• Kyodo News


Around 520 Japanese had registered territories disputed with neighboring countries as their official domicile as of the end of January, according to a survey of municipalities.

More have registered disputed islands as their official places of residence, apparently due to frustration over the government’s inability to resolve territorial disputes and anger at China’s and Russia’s hardline stances following recent incidents.

Japanese citizens are allowed to register any place claimed by Japan as their official addresses as long as the location has a land number allocated by authorities.

Sentiment toward Beijing and Moscow has hardened since a Chinese fishing boat had a run-in with Japan Coast Guard cutters near the Senkaku Islands in September and Russian President Dmitry Medvedev visited Kunashiri Island, one of four Russian-held islands off Hokkaido claimed by Japan, in November.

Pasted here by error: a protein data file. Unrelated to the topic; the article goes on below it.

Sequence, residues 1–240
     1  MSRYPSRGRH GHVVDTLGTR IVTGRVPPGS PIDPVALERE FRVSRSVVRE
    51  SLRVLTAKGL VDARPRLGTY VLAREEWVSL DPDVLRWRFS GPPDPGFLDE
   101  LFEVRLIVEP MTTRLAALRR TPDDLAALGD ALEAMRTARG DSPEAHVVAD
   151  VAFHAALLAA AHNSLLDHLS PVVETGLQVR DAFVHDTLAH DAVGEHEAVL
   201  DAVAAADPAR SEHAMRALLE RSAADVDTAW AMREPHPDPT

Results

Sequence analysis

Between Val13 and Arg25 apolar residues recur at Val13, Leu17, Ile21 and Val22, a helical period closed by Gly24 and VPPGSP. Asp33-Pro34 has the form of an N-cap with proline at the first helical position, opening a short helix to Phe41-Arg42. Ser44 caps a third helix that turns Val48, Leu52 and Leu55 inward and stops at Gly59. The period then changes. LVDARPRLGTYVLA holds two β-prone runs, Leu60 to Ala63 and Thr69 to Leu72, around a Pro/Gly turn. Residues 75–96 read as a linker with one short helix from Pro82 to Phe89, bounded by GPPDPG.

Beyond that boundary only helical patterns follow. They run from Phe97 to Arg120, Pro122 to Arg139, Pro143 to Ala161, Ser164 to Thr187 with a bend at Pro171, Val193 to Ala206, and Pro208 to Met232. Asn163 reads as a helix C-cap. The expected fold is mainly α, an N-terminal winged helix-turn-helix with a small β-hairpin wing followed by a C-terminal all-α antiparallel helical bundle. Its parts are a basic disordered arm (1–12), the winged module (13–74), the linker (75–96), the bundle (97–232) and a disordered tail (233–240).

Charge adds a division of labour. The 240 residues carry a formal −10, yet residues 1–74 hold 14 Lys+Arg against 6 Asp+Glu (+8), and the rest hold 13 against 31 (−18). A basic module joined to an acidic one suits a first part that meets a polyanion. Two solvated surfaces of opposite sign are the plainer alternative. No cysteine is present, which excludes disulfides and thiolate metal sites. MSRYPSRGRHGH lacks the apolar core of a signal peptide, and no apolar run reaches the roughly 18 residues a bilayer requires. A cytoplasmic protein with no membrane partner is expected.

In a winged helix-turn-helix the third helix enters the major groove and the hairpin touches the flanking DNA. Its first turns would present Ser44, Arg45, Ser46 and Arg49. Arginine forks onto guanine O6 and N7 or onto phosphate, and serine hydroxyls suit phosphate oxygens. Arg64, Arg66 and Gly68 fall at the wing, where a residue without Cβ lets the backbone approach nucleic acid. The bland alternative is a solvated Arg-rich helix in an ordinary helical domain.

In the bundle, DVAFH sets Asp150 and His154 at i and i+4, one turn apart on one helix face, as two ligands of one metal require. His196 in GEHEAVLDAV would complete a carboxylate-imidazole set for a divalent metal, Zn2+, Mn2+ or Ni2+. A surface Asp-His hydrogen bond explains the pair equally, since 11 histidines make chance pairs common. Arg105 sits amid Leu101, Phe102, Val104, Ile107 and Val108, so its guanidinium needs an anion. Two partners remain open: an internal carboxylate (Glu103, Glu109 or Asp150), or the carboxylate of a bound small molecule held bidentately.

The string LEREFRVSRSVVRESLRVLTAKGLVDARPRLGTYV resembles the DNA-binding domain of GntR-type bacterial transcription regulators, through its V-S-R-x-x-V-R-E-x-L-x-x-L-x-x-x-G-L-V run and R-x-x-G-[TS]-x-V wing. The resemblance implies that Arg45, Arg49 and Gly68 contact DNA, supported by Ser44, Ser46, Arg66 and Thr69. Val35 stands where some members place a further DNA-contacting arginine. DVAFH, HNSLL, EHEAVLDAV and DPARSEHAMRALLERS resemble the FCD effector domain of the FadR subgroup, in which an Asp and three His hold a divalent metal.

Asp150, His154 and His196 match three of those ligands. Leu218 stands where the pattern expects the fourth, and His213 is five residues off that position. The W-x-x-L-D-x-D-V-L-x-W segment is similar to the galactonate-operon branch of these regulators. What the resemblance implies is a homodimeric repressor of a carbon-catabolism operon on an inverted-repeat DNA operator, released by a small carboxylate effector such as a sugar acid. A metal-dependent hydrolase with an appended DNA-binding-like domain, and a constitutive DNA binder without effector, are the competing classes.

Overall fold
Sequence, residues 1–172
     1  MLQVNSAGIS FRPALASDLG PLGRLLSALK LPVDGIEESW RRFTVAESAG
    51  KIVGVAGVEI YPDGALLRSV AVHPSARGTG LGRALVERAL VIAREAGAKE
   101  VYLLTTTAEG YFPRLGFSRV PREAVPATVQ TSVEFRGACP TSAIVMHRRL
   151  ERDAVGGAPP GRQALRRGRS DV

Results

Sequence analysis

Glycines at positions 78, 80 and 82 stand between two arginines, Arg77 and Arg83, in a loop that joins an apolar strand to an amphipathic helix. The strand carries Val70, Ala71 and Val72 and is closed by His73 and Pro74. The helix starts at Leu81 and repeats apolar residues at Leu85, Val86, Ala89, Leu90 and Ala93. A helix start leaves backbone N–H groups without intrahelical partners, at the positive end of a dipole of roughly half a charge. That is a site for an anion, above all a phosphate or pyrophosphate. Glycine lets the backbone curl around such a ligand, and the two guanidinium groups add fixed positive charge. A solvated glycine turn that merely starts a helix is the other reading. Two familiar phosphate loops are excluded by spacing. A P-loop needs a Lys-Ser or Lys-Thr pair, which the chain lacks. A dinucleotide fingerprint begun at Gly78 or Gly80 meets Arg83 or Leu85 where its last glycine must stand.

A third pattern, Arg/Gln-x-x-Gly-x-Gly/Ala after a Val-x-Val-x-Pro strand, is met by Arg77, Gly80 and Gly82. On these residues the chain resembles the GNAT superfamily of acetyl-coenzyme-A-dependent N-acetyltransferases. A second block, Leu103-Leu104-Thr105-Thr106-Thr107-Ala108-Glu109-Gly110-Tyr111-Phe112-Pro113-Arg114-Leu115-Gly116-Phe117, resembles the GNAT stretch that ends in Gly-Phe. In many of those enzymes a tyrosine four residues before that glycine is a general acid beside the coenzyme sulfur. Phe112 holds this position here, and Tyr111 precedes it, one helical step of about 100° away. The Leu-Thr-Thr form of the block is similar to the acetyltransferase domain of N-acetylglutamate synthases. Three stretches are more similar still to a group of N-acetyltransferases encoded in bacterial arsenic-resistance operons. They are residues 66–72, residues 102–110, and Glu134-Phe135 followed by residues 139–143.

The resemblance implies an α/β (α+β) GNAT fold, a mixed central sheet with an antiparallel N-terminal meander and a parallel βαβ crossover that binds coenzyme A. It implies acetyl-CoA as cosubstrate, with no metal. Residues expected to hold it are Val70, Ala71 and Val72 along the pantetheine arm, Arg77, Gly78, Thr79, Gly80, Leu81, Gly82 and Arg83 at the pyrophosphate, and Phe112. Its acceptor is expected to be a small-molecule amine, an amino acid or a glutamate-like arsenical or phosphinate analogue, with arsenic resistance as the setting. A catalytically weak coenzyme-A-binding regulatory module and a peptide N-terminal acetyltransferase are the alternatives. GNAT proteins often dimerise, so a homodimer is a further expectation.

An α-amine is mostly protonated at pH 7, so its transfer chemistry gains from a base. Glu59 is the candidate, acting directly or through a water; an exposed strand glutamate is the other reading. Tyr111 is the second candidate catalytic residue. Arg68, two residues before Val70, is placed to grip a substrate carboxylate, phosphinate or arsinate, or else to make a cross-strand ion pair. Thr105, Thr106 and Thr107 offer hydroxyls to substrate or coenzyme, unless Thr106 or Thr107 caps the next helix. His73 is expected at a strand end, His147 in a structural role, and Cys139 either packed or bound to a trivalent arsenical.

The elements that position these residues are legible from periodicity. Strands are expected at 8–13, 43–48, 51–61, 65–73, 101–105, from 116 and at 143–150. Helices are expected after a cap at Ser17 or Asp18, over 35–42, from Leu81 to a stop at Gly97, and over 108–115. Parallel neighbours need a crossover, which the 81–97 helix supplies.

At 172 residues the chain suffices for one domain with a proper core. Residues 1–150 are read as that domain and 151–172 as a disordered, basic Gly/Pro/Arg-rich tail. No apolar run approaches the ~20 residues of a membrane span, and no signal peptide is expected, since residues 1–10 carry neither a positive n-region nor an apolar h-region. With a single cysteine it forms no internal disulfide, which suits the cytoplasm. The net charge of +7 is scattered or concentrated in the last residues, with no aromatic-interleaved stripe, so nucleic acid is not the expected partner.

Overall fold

Japan’s relations with South Korea could also be strained by Shimane Prefecture’s annual “Takeshima Day” on Feb. 22. The islets are controlled by South Korea, which calls them Dokdo.

One Tokyo resident who in December changed his official address to Etorofu, one of the four Russian-held islands, said the registration was an act of protest.

A total of 175 Japanese have registered the four disputed islands off Hokkaido — Etorofu, Kunashiri, Shikotan and the Habomai islet group — as their official addresses, according to the Hokkaido municipality of Nemuro.

Excluding those registered as Habomai residents, the number stood at 133 as of the end of January, up from 44 in fiscal 1983. Another 262 Japanese have changed their official addresses to the uninhabited rocks in the Pacific that Japan calls Okinotori and claims as its southernmost point, up from 122 in 2005.

China claims Okinotori is not an island and opposes Japan’s claim to a 200-nautical-mile (370 km) exclusive economic zone around the rocks.

Also, 69 Japanese have registered their addresses as Takeshima and about 20 registered the Senkakus as their address.

In a time of both misinformation and too much information, quality journalism is more crucial than ever.
By subscribing, you can help us get the story right.